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Discussion in 'Bad Dog Cafe' started by fred4321, Sep 9, 2019.
The hooks and the melody stay as a point of departure and return. Hey... I'm a jazz guy.
No. You can't reduce Crazy to three or four chords.
It depends who your target audience is.
I prefer to make it my own. If I wanted to hear it note for note I'd just listen to the original.
Like the Grateful Dead playing Bob Dylan songs. You get all you need from the original, but no one ever thought that Jerry was Bob. Ambiguity intended.
I like to almost nail the original version and over time add to it if I think it needs it.
If I don't like the solo or its beyond my playing abilities I will change it up if I cant be bothered spending the time to get it right. I wouldn't do that on a song where people expect to hear it done right though.
I don't like seeing cover bands that hack at and dumb down songs I like, I know all the little accents etc in songs i like and am waiting to hear them.
I lose interest quickly in hearing loose ballpark approximations of songs I like.
Likewise if it's me playing them.
You're absolutely right, chunk!.....unless I walk into a club and catch Jimi "re-inventing" All Along the Watchtower, or Cream doing Crossroads, I want to hear a FAITHFUL rendition.....generally.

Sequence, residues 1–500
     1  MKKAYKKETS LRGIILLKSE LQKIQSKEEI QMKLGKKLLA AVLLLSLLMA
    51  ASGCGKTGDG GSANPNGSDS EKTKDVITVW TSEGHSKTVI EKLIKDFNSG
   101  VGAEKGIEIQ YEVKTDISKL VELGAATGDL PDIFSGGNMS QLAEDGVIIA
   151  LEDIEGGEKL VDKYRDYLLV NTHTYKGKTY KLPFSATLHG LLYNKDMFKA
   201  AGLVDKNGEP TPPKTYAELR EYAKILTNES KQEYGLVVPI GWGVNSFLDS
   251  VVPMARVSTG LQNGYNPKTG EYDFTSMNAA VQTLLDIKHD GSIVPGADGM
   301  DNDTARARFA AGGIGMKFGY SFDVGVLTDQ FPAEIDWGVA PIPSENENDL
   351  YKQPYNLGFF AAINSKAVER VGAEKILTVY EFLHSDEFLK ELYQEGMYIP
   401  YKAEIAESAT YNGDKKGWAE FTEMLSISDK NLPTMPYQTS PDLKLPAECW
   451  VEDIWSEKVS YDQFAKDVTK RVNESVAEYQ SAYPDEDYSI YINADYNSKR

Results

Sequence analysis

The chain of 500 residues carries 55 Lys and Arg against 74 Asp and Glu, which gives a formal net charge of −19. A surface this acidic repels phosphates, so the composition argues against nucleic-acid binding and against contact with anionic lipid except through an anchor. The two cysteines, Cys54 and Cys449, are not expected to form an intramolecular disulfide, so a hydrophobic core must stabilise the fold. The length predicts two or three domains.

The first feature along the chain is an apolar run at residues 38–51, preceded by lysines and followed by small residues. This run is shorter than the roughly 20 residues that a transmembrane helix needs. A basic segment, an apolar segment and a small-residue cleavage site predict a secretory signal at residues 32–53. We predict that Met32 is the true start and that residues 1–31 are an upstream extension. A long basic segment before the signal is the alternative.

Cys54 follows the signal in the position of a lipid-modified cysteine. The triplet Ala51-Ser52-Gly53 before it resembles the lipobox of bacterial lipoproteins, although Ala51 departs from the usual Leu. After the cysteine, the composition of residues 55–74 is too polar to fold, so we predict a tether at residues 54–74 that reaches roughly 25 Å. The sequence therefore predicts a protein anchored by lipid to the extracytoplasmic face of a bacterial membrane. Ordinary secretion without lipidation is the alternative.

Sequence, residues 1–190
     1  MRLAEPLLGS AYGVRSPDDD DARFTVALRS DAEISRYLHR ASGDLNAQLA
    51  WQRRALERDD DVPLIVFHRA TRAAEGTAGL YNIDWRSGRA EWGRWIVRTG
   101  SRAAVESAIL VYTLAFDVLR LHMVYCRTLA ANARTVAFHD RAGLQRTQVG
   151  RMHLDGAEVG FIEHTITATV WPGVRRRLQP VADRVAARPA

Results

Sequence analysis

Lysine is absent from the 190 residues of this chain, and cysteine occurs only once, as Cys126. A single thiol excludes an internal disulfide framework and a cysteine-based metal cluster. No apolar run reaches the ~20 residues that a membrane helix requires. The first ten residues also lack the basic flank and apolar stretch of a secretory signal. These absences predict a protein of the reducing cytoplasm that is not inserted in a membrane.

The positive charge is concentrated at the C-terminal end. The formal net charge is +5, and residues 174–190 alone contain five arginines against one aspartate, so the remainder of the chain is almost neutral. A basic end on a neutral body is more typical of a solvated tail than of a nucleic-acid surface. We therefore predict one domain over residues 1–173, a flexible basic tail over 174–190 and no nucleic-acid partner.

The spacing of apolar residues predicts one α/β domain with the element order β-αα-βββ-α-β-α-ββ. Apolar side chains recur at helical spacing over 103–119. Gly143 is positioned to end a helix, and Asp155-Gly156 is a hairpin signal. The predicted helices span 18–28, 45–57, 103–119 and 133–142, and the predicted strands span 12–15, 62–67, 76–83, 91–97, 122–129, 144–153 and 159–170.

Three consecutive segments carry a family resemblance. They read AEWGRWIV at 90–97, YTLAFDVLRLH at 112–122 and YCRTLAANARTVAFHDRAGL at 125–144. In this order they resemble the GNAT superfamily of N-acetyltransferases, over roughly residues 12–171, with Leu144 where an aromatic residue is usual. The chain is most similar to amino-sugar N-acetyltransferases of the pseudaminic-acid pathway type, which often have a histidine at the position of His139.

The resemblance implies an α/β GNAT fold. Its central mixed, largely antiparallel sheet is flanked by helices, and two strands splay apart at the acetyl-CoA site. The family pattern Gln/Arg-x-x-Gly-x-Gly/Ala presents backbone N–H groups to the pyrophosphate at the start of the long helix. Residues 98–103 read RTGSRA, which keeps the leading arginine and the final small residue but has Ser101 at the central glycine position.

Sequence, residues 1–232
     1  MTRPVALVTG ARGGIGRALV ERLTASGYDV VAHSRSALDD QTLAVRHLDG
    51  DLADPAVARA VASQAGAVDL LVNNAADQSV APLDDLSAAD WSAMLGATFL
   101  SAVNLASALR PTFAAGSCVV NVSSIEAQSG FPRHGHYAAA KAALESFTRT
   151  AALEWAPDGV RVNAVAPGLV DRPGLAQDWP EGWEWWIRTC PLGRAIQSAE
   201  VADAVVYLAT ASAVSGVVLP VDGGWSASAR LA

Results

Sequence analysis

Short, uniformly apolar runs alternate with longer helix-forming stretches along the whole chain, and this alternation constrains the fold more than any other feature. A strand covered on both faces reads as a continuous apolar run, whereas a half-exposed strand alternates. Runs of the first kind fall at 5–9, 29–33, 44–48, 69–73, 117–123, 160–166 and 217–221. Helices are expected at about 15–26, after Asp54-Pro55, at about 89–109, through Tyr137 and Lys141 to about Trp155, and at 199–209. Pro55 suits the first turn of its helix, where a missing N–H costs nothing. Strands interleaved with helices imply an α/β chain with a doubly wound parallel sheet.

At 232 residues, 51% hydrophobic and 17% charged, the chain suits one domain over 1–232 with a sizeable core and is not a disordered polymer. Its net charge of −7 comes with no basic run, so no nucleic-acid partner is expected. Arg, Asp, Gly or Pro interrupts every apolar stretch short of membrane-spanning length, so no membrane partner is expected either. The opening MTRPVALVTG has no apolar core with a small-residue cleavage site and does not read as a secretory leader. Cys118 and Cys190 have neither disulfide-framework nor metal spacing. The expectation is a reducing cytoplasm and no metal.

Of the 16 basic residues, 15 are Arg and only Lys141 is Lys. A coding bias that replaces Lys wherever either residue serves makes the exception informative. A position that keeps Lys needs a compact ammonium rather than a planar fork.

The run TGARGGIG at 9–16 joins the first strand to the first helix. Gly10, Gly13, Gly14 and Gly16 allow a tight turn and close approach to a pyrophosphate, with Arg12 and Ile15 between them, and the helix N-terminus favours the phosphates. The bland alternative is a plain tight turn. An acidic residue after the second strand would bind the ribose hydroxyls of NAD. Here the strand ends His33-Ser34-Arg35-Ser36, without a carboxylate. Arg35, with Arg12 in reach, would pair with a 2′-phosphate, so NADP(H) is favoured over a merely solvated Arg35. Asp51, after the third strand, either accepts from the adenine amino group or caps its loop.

A good (but rare) example of an original/cover that are different yet enjoyable, is Eli's Coming. I LOVE Laura Nyro (writer) and her version, but Three Dog Night truly made it their own.....but that's an exception rather than common. I still maintain that too many bands are lazy and don't want to put in the effort to "work stuff out". They want to call out chords (which may or may not be correct) and slap it together. That's disrespectful to the song.
If Hendrix had asked himself that question when covering All Along The Watchtower, the world would be a poorer place.
I prefer to "stylize" a cover song in some way. Otherwise, why bother? Songs are best approached as recipes. Alter some of the elements to freshen them up and/or make them yours. Drop a chord, add a chord or riff, or maybe add a different instrument or two.
If I can't do a cover justice, I'd rather not play it.
With the exception of a tribute band, most cover bands are not going to sound just like the album. Sometimes the more they try to sound just like it, the worst it is. I can think of several covers by well known artists that fit in this category. OTOH, a good interpretation can be wonderful. By that, I mean taking the song and making it your own in some way.
There's a not so fine line between a good interpretation, and "play it however because it's hard to play it how it was written".
Play them in a completely different style, country-fy them, reggae them up, go folk on them and watch peoples faces...
Lots of sage wisdom here. I do like hearing sincere versions of other songs.
Here is a version of Etta James:I'd Rather Go Blind, by Beth Hart-she and the guitarist own the song with this version I reckon.
It would sound better with a Tele!
i normally don't do covers since i can't sing it like the original, play the same guitar and amp(if used), like the original and don't have the proper bandmates to play like the original. that is 3 strikes you are out!